We used to do head replacements, re-alignments and fix head crashes. As was mentioned in the video, so that you could ensure that a cartridge could be reliably used across different disk drives you had a special disk that contained servo tracks which you would align the heads with. I think there were two, possibly three servo tracks on this disk (my memory is a bit vague). There were test points on the electronics you'd hook a scope up to so that you could check the alignment - there would be various pot tweaking to get things just right. Once you thought you had things "just so" the next step was to run the exerciser tests from DTOS (Diagnostic Tape Operating System - yes we booted the diags from tape) or ADES (Advanced Diagnostic Executive System). The Gemini and drives also had these huge linear motors that when in full test mode (seek tests in particular) were quite scary things to behold. This video gives you sort of an idea:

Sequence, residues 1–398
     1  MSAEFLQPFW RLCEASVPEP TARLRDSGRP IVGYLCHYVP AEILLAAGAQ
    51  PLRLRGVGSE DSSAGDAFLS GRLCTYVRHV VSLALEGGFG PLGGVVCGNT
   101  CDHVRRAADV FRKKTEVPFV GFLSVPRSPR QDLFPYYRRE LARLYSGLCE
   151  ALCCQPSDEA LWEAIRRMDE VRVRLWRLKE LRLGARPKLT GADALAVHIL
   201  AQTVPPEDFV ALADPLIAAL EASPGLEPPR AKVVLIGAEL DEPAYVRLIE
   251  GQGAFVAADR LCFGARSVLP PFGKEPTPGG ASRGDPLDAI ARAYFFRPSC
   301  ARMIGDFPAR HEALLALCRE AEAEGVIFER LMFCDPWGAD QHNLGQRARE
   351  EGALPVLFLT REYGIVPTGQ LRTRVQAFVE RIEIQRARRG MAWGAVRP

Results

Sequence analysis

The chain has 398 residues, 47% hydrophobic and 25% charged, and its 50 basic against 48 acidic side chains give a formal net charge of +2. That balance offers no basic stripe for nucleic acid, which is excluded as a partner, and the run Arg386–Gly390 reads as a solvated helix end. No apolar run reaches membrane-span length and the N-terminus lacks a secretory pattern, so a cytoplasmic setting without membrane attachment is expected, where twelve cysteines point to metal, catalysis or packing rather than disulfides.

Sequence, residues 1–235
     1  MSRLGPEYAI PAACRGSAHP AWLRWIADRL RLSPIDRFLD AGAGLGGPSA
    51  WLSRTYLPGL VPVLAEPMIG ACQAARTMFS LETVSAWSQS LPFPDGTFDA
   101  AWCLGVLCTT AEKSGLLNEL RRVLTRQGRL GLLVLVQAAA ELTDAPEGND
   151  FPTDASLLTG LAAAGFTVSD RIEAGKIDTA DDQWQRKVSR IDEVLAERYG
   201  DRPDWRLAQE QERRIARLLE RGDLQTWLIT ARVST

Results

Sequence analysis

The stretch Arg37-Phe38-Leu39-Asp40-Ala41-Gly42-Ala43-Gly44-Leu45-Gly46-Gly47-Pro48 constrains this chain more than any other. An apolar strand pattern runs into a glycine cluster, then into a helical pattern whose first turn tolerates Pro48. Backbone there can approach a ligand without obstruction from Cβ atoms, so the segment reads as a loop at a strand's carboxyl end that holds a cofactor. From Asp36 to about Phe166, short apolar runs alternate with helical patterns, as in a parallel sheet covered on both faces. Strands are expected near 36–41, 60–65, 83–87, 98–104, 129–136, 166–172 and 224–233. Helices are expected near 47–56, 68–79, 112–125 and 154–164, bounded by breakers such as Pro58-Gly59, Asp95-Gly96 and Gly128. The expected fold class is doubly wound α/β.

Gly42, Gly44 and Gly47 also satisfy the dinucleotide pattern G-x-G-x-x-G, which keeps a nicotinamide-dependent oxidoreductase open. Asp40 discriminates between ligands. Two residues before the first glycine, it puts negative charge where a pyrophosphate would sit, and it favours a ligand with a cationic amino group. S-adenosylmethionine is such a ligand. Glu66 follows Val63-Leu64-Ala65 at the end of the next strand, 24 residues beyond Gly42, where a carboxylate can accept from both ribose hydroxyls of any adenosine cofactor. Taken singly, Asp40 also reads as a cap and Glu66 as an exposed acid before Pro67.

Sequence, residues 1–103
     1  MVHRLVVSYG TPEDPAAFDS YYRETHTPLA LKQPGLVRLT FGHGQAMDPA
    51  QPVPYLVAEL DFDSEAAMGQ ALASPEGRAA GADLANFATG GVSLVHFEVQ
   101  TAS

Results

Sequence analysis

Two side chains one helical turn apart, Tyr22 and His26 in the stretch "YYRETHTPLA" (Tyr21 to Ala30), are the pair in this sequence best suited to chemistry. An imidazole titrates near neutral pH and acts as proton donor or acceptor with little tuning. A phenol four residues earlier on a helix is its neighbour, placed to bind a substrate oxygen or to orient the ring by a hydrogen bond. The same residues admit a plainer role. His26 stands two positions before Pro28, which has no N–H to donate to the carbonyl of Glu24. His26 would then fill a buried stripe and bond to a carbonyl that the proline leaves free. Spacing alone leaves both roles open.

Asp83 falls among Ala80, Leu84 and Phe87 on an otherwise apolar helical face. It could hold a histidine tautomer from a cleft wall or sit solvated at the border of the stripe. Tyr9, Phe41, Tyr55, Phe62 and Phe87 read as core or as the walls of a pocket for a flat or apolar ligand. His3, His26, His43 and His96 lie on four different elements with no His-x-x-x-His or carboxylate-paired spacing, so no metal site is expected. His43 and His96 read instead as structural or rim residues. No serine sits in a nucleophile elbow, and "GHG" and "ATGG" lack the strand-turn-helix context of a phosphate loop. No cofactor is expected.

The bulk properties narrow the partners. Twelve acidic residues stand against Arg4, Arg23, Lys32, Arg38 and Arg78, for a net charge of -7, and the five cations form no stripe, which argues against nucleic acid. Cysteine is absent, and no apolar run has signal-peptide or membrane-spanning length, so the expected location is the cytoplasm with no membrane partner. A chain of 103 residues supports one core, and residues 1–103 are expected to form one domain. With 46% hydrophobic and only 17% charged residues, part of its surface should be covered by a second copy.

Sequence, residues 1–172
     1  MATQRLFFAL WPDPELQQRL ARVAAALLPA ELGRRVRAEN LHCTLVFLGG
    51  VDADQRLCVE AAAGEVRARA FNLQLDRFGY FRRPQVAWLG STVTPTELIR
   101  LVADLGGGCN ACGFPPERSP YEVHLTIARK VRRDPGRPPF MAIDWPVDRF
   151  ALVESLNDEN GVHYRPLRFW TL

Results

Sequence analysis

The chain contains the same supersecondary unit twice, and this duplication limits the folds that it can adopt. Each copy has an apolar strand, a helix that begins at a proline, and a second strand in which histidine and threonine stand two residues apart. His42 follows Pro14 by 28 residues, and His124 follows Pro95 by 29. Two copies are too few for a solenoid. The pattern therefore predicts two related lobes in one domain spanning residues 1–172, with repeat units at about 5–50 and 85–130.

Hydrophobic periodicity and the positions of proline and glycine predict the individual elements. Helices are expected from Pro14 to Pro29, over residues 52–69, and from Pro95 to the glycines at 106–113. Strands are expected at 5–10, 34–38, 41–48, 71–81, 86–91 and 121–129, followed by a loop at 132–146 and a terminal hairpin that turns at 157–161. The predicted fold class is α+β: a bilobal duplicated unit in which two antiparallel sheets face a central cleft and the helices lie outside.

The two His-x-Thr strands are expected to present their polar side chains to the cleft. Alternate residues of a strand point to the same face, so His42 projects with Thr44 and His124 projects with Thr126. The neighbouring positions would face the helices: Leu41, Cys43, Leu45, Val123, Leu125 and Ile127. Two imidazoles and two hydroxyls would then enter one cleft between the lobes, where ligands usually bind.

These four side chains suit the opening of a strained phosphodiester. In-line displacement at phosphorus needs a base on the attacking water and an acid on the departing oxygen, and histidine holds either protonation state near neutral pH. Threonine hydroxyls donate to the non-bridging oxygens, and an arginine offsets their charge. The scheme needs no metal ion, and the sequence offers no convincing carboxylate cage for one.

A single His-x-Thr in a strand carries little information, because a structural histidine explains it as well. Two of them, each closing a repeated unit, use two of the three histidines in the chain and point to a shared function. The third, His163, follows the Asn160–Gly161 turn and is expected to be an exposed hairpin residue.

https://www.youtube.com/watch?v=qZsHTWiI0-4

We used to do regular trips from Scotland to London with a pair of Phoenix or Geminis in the company Sierra estate (1st generation). These things were so heavy that you really had to think about your braking distance once up to speed :) That poor car eventually had to have its chassis around the tailgate re-enforced after a few years of battering up and down the motorway with all that big kit in the back. Fun times though.


When computer looked like car parts. I wish I could go back to 79 with a pi zero and a 128GB microsd and let PARC guys faint.


I can't help but wonder if we have lost more than we gained.


Spend most of my days thinking just the same.


Since Alan Kay has been on HN recently, would love to hear his comments on the development of the Alto, some of the issues they ran into, how it was conceptualized and the real story of the Xerox board's misunderstanding of what it was.


Is there a text link for this? Video is such a slow medium.

Edit: By this I mean that I can assimilate text faster than an equivalent amount of info delivered in video form.


I've been writing blog posts on the Alto restoration (at righto.com) but they run a few days behind the videos.


Thank you for that, I really appreciate the effort that goes into writing these posts! Great job on the project!